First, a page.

Crawford Art Gallery

Crawford Art Gallery in Cork, Ireland by Erick van Egeraat, 2000

Brick, and other modular, masonry units, such as cinder block, are commonly used, and thought of, in orthogonal applications, naturally following from their rectangular shape. Even in Erich Mendelsohn's Einstein Tower the plastic form, made in brick due to cost constraints, is painted to resemble the desired material of concrete. But at the addition to the Crawford Art Gallery, in Cork, Ireland, Dutch architect Erick van Egeraat uses brick in a new, novel way, wrapping the two existing portions in a undulating curve of matching brick. The architect adopted the thin-joint mortar system, in which bricks are glued together creating a superior bond, to achieve the aesthetic intention.

With the two existing structures (the Customs House dating from 1724 and the Crawford School of Art addition from 1884) clad in brick, the Crawford Art Gallery is an inadvertent symbol of the mercantile relationship between the Irish and the Dutch. As brick is not a material readily used in Cork, the origins of the two early designs indicates a Dutch presence. This consideration makes Egeraat (who won a competition for the Art Gallery in 1996) a sensible choice to design the addition that would stitch these older buildings together. His refreshing approach to the exterior helps to express the complex of brick-clad pieces as a time line, each built approximately 100 years apart.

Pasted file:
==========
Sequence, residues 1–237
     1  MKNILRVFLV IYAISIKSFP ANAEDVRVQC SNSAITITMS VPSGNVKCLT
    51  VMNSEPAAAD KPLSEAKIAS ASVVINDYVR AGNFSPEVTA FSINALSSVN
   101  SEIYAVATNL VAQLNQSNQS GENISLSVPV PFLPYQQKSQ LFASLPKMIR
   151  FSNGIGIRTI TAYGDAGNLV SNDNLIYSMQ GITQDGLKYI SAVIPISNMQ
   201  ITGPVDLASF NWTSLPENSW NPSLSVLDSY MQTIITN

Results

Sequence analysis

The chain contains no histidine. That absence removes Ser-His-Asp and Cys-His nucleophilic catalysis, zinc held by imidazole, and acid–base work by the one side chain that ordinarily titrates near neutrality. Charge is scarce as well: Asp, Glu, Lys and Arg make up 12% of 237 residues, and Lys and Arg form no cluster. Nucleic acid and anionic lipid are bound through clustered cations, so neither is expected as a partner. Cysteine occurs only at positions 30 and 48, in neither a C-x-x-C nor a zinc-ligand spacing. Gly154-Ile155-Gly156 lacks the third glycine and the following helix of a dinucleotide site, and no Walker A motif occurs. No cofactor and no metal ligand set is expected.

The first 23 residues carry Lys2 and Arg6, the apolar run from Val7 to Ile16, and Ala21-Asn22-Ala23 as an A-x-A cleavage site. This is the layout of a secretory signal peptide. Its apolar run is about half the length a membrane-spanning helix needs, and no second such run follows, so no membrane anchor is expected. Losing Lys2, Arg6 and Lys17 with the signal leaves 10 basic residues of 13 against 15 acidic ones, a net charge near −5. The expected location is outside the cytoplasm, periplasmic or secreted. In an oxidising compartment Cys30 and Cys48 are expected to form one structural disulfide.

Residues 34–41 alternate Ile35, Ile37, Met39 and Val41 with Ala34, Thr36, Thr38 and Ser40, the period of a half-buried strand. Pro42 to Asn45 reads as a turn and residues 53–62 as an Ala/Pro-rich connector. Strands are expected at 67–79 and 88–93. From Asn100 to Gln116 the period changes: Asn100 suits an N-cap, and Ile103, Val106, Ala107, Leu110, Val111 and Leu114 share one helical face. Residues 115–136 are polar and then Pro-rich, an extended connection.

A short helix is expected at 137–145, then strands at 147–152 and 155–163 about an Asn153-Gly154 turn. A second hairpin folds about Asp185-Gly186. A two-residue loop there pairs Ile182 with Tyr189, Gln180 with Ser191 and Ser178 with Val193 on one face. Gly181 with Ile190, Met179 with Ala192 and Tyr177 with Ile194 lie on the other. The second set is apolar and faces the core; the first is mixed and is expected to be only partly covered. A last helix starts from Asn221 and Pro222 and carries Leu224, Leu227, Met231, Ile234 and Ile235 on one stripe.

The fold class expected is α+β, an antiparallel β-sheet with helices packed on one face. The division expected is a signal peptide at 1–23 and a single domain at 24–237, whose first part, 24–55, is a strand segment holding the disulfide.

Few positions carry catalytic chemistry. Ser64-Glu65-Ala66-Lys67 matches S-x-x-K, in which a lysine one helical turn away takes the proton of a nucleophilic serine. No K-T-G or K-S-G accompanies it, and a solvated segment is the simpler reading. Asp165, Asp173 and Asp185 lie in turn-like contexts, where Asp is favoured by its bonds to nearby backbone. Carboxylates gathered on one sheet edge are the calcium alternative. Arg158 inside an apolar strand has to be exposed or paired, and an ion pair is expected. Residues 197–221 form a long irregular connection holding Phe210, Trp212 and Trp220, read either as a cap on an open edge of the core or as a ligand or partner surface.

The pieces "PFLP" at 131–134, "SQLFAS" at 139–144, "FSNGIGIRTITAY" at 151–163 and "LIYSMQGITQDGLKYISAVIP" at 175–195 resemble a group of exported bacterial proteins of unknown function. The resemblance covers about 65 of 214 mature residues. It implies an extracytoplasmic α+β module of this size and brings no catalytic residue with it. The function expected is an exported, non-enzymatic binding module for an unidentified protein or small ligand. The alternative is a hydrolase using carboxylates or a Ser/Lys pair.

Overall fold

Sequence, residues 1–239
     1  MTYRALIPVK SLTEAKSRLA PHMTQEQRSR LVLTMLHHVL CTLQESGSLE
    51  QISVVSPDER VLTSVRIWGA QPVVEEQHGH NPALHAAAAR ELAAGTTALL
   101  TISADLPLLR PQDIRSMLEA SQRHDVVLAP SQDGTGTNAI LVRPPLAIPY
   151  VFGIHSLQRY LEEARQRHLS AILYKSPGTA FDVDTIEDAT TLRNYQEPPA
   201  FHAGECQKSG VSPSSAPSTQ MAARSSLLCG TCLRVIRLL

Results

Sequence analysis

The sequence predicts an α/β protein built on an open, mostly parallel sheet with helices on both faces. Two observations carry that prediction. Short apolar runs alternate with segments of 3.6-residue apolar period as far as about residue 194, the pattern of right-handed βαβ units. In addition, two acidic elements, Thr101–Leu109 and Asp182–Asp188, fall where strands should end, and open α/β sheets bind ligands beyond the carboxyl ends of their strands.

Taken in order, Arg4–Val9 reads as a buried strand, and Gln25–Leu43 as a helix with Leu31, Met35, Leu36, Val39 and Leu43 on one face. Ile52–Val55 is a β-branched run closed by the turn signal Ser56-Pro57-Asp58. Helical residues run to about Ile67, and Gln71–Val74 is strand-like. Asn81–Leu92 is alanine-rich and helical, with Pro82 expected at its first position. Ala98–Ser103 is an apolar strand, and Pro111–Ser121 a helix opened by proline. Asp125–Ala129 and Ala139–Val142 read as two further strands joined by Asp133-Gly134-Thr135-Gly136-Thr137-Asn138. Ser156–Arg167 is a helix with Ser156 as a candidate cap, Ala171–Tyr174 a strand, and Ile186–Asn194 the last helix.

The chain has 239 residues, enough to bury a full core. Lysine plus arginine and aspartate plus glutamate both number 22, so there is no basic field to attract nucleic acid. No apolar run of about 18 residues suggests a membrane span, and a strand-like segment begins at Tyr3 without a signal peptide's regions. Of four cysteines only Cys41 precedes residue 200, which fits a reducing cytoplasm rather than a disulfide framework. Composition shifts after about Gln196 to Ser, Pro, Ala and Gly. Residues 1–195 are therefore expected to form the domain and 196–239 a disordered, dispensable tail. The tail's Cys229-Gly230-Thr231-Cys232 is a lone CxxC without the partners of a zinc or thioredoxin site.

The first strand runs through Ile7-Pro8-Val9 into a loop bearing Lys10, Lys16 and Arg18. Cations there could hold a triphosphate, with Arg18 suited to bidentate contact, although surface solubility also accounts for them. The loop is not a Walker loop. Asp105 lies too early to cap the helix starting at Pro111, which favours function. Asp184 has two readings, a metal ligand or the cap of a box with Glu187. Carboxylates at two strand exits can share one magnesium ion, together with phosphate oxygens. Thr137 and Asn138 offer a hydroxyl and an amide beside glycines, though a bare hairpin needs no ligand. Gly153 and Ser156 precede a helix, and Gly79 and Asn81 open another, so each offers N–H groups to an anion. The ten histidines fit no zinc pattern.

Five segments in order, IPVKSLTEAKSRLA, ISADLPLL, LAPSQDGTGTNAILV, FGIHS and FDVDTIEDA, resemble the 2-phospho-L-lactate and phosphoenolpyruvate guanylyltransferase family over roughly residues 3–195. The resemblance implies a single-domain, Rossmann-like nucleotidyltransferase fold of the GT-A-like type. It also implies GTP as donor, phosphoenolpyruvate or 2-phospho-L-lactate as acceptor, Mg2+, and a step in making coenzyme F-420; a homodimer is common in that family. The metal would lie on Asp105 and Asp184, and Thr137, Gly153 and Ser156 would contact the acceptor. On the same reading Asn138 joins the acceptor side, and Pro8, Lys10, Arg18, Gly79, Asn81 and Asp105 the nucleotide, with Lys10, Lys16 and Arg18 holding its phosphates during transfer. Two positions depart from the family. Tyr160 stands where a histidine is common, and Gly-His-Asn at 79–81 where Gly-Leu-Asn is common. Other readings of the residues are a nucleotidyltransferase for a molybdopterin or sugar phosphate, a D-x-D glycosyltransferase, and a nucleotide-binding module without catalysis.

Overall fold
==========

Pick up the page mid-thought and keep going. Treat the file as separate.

Inside, the building makes good on its promise from outside, with curved walls and ceiling planes shaped to bring natural light into the two floors of galleries. An interior stair (image on previous page) also incorporates a piece of site-specific art by Corban Walker: fiber-optic lighting that extends below the stairs to animate the ascent and descent through the spaces. It is refreshing to see art that both extends from and changes its context, here in an interdependent play of surface and light.

The thin-joint mortar system used by Erick van Egeraat in his design for the Crawford Art Gallery was developed in response to his, and other Dutch architects, desire to extend the aesthetic possibilities of brick. By giving the material the ability to bend and curve over a relatively small area, the system enables architects to design buildings that are integrated into their context but go beyond mere imitation (much like Walker's artwork).